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This is for a bash installation script. The script foo.sh takes "DIRECTORY" as an argument. Say, there is a dir <$HOME>/TEST/TEST_1A/TEST_2A/TEST_3 and another dir <$HOME>/TEST/TEST_1B/TEST_2B/TEST_3.

Script: foo.sh in brief.

DIR='find $HOME -type d -name $1 | head 1'
if [ DIR is set to a directory ]
then
   rm -rf $DIR
fi
exit 0

Usage: foo.sh TEST_3

Now from the script, only the <$HOME>/TEST/TEST_1A/TEST_2A/TEST_3 can be removed. To remove <$HOME>/TEST/TEST_1B/TEST_2B/TEST_3, I need to use a reg exp in my find command, to fine tune the remove to resolve the directory conflict.

Modified the find part of the above script as below

DIR='find $HOME -type d -regexp $1 | head 1'

New usage: foo.sh TEST_2B/TEST_3

But "find" command FAILS to get the DIR set to <$HOME>/TEST/TEST_1B/TEST_2B/TEST_3 and instead returns empty & as a result DIR is empty and I can never ever remove <$HOME>/TEST/TEST_1B/TEST_2B/TEST_3

How do I change the script, so that find can act on JUST the directory name, as well as on the path to the directory too with NO issues. Infact, some users may give a partial directory path as argument to "foo.sh". I expect "foo.sh" to work, even in such cases

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  • 1
    Please post the source for the bash script. I've written tons of fairly elementary, albeit long scripts. Nothing helps like echo-ing your arguments. – octopusgrabbus Oct 27 '11 at 22:00
2

You could try:

if [[ "$1" == */* ]]; then
    EXPR="-path *$1"
else
    EXPR="-name $1"
fi
DIR=$(find $HOME -type d $EXPR | head -1)

A simple name like "TEST_3" will translate into find -name TEST_3 but a name with a slash like "ST_2/TEST_3" will translate into find -path *ST_2/TEST3. This will take care of (partial) directory names.

4
  • I have a problem with find here. I think "find" has an issue with partial path. For ex, find $(HOME) -path *ST_2B/TEST_3 works, but find $(HOME) -path TEST_2B/TEST_3, yields nothing. Strange. I have to support partial paths too, with "find" resolving the path and then removing it – Mike Oct 27 '11 at 23:15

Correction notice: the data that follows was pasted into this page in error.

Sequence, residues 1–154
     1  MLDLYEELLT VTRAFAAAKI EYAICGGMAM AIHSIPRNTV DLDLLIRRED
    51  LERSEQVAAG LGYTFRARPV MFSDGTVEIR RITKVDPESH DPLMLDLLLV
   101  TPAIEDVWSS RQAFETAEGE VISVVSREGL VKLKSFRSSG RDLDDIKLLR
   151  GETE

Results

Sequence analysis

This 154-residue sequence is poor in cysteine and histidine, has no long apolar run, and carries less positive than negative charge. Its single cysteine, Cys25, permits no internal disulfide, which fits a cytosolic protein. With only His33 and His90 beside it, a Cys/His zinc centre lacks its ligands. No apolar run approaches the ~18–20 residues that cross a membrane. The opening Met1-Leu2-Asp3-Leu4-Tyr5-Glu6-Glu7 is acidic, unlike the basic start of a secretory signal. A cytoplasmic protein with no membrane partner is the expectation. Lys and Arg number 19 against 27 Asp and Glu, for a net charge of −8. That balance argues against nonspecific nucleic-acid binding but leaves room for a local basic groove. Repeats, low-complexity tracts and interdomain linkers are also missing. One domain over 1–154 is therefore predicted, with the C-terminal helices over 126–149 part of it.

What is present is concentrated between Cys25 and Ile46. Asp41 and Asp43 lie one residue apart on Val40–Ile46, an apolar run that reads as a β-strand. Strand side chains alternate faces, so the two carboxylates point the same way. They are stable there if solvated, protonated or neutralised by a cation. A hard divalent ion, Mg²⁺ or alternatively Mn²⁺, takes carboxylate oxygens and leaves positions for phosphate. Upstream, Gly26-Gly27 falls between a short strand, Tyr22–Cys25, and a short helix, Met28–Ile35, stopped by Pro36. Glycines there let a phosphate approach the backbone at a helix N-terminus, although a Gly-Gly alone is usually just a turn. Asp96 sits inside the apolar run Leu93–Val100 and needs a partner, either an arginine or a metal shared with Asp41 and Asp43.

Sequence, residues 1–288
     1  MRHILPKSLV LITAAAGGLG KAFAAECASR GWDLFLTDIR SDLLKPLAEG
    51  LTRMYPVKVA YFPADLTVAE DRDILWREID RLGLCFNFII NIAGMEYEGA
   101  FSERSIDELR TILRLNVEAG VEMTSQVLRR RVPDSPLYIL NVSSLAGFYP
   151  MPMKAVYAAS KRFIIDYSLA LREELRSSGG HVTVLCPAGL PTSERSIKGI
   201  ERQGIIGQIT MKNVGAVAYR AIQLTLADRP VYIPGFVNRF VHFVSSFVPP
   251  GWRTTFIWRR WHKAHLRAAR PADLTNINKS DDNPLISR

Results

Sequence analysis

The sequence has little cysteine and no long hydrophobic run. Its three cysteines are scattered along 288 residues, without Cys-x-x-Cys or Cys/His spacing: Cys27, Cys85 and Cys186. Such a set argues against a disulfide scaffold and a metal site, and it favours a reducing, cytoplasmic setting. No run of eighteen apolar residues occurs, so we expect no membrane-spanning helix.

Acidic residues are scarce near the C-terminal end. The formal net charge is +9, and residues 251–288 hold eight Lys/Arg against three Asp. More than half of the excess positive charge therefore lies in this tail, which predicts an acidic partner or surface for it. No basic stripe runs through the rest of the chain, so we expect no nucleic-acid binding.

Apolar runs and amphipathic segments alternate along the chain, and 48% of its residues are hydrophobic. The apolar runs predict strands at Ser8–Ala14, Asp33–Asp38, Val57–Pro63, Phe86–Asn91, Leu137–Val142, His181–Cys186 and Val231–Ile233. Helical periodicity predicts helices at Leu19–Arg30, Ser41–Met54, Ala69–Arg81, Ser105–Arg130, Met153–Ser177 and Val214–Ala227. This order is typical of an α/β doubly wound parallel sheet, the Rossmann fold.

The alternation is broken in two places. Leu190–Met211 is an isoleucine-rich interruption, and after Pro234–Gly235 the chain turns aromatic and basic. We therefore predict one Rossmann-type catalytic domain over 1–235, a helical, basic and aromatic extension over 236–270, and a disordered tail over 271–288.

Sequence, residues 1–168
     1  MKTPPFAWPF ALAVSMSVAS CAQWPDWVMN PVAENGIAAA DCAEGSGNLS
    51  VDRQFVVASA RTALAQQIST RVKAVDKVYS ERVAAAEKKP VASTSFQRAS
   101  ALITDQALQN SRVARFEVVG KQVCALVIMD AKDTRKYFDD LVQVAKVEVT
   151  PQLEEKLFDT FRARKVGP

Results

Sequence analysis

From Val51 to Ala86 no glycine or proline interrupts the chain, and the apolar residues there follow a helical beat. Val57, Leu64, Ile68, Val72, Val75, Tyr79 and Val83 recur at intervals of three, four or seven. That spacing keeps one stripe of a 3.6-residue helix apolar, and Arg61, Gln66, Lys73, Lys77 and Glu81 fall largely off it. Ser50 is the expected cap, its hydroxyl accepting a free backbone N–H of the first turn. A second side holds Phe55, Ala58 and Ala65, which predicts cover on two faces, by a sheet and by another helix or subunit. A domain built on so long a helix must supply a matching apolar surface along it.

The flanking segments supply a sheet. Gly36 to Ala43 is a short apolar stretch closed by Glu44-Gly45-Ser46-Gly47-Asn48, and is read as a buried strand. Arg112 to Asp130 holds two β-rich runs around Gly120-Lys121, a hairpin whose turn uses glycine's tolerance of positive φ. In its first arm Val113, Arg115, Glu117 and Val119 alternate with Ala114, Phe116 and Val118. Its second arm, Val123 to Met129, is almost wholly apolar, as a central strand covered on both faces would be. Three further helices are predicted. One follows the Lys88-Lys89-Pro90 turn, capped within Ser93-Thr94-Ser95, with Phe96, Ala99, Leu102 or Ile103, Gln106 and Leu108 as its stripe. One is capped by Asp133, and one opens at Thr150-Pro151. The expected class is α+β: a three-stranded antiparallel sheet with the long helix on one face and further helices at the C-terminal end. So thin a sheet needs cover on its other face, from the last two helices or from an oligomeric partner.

• @Mike: Find does not have an issue, only your expectations are wrong. -path compared the complete path to the given pattern. Therefore a xyz/TEST_2B/TEST_3 is compared to your argument TEST_2B/TEST3 which obviously is a no-match. Compared to */TEST_2B/TEST_3 it IS a match. Regarding "partial match": If my answer is not what you want, please clarify this in the question by editing it. Long discussion within an answer are frowned upon - see the FAQ for this. – A.H. Oct 28 '11 at 7:42
  • With your second explanation, I got what -path expects & it will work for me. THANKS A LOT – Mike Oct 28 '11 at 14:15
  • 1
    You are welcome. Please lookup stackoverflow.com/faq#howtoask howto vote on and accept answers. – A.H. Oct 28 '11 at 15:37
0

Wouldn't this work as intended?

find $HOME -type d -name $1 -exec echo {} ';'  -exec rm -rf {} ';'

It will complain about deleting of processed directory, but toher than some stderr output it's ok...

You can ofc change "-name" for "-regexp" as you suggested, but if you want something more complex, you can create special script to call from "-exec"

EDIT: I probably understood you wrong first time (but won't delete anything, it may help somebody) - you want to delete only one of TEST_3 directories (how do you choose which one? first found by find? - it seems quite strange), still as I suggested in previous paragraph, you can provide skript to -exec which will take care of all decision making)

1
  • By virtue of "find" output, with "foo.sh TEST_3", it's always going to be <$HOME>/TEST/TEST_1A/TEST_2A/TEST_3 removed. If I change my "find" arguments appropriately, to support partial path, then "foo.sh TEST_2B/TEST_3" SHOULD remove TEST_2B/TEST_3 – Mike Oct 27 '11 at 23:07

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